Ahfad al-Rasul Brigades
|Ahfad al-Rasul Brigades|
ألوية أحفاد الرسولParticipant in Syrian civil war
Official logo of the Ahfad al-Rasul Brigades
|Active||July 2012–early 2014 (defunct)|
|Ideology||Sunni Islamism Syrian nationalism (factions)|
|Area of operations||Syria|
|Part of|| Euphrates Islamic Liberation Front (2014)|
Supreme Military Council (2012–14)
Free Syrian Army (2012)
Kurdish Islamic Front (formerly)
Al-Nusra Front (until August 2013)
People's Protection Units (occasionally)
Islamic State of Iraq and the Levant (since August 2013)
Al-Nusra Front (since August 2013)
Ahrar al-Sham (2013)
People's Protection Units (2012–14)
|Battles and war(s)||Syrian civil war|
The Ahfad al-Rasul Brigades (Arabic: ألوية أحفاد الرسول Al-wīat Aḥfād ar-Rasūl, "Grandsons of the Prophet Brigades") was a Syrian rebel group fighting against the Syrian government in the Syrian Civil War. It was funded by the Qatari government.
Structure and member groups
Its notable subgroups included the Justice Battalion, the Golan Martyrs Battalion, the Golan Hawks Battalion, the Falcons of Mount Zawiya Brigade, and the Qalamoun Liberation Front. By August 2013, the group had coopted some 50 groups from across Syria; however, it was strongest in Idlib Governorate. Its leader, Colonel Ziad Haj Obaid, was on the Arms Committee of the Supreme Military Council. The Allahu Akbar Brigade, based in al-Bukamal in the Deir ez-Zor Governorate, was also part of Ahfad al-Rasul. In July 2013, Al Jazeera reported that the Allahu Akbar Brigade consisted of around 800 fighters.
In December 2012, the Ahfad al-Rasul Brigades executed a Syrian Army officer on allegations of heresy. By this time, the group was described as a Salafist jihadist group independent from the Free Syrian Army.
In July 2013, the Ahfad al-Rasul Brigades, along with Ahrar al-Sham and the Kurdish Islamic Front, announced that they would fight alongside with al-Qaeda's al-Nusra Front against the People's Protection Units (YPG) in northern Syria.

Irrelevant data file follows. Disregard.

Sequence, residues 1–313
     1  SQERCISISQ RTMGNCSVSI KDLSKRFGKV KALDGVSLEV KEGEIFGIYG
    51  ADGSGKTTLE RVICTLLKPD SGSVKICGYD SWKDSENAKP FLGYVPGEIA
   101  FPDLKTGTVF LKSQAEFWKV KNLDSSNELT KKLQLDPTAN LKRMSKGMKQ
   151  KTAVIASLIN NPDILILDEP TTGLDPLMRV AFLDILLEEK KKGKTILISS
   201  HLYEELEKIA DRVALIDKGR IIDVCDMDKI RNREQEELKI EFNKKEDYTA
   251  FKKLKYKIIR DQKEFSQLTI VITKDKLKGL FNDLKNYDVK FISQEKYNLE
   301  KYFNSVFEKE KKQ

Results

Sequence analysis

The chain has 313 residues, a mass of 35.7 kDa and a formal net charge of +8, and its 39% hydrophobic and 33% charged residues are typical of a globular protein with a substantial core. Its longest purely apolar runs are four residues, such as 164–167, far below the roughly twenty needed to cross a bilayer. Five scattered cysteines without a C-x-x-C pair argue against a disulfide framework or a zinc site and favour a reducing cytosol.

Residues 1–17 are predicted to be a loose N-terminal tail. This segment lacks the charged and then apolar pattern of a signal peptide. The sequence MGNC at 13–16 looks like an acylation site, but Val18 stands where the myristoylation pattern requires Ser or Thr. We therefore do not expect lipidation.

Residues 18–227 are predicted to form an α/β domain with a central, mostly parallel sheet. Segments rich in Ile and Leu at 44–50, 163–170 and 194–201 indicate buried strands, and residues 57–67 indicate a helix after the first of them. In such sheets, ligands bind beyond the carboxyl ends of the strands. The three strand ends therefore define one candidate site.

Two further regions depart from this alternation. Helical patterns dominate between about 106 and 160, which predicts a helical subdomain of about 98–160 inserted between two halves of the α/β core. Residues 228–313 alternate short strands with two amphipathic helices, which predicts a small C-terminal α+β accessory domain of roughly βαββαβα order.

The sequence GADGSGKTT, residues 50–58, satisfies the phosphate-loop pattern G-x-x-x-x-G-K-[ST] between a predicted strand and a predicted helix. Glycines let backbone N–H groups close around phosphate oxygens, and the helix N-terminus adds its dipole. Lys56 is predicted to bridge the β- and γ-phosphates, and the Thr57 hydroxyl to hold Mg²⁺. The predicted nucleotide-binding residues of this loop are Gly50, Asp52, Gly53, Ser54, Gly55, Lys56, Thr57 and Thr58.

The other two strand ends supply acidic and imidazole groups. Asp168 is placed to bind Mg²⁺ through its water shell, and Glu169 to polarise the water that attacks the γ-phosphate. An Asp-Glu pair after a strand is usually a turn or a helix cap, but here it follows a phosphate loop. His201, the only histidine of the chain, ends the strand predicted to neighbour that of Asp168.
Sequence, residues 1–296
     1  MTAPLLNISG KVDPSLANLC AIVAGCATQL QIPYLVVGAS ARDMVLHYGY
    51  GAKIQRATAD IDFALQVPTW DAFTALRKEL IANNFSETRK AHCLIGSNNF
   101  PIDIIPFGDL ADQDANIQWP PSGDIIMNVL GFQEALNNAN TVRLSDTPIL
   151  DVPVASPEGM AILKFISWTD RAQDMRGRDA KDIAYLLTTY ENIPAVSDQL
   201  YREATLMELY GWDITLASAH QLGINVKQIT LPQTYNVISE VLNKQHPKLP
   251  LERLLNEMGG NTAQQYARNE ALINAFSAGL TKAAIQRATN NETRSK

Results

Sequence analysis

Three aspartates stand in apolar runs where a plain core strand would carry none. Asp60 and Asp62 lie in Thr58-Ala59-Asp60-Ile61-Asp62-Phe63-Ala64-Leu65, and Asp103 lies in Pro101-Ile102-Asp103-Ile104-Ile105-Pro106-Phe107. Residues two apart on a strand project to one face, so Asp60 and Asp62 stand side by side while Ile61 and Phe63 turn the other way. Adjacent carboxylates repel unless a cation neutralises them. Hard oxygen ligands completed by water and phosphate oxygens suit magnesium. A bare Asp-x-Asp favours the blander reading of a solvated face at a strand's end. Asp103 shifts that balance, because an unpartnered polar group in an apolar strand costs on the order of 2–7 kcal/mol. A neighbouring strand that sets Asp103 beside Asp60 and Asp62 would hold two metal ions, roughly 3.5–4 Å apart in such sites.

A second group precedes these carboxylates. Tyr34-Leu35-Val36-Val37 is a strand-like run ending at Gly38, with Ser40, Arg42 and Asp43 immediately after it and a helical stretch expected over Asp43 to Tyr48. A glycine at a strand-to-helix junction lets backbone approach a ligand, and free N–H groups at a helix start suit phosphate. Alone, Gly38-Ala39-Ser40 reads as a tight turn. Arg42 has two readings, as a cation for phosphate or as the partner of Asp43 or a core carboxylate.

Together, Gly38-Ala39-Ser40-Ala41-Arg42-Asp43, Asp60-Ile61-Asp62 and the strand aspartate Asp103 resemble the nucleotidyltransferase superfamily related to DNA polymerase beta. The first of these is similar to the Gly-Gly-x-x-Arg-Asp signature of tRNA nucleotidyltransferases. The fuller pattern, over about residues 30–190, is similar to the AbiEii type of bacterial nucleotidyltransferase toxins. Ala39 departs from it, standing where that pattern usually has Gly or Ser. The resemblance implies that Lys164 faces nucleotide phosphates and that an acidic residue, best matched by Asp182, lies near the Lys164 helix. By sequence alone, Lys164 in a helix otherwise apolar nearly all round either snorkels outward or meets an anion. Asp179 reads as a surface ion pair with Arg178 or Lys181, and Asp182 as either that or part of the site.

In August 2013, clashes erupted between the Ahfad al-Rasul Brigades and the Islamic State of Iraq and the Levant in the city of Raqqa. On 13 August, ISIL suicide bombers detonated 4 car bombs at the Ahfad al-Rasul Brigades' headquarters at the Raqqa train station, killing 6 Ahfad al-Rasul fighters, including two commanders, Abu Mazin and Fahd al-Kajwan, and 6 civilians. By the next day, ISIL fighters fully captured the headquarter. Clashes also erupted in Tabqa. By 17 August, ISIL had defeated Ahfad al-Rasul in Raqqa and expelled it from the city. During the conflict between ISIL and the Ahfad al-Rasul Brigades in Raqqa, the group organized protests against both ISIL and Ahrar al-Sham, and viewed Ahrar al-Sham as allowing ISIL to defeat the group due to their lack of intervention in the conflict, while Ahrar al-Sham also shared the view of ISIL, of the Ahfad al-Rasul Brigades as being a common enemy.
The fighting soon spread to the Deir ez-Zor Governorate, and tensions also rose between Ahfad al-Rasul and the al-Nusra Front. In November 2013, Saddam al-Jamal, commander of Ahfad al-Rasul's Allahu Akbar Brigade, defected to ISIL. Following al-Jamal's defection, 4 subunits of Ahfad al-Rasul also defected to ISIL.
By early 2014, the Ahfad al-Rasul Brigades was described as defunct, with many subunits rebranding themselves as members of the Syrian Revolutionaries Front. The Latakia Governorate-based Brigade of the Chargers, formerly part of Ahfad al-Rasul, received BGM-71 TOW anti-tank missiles in early 2014, and became the 1st Coastal Division in late 2014. Reports appeared in early 2017 that possible remnants of the Ahfad al-Rasul Brigades have reappeared as the Army of Grandsons in the northern Aleppo Governorate to fight ISIL as part of Operation Euphrates Shield.
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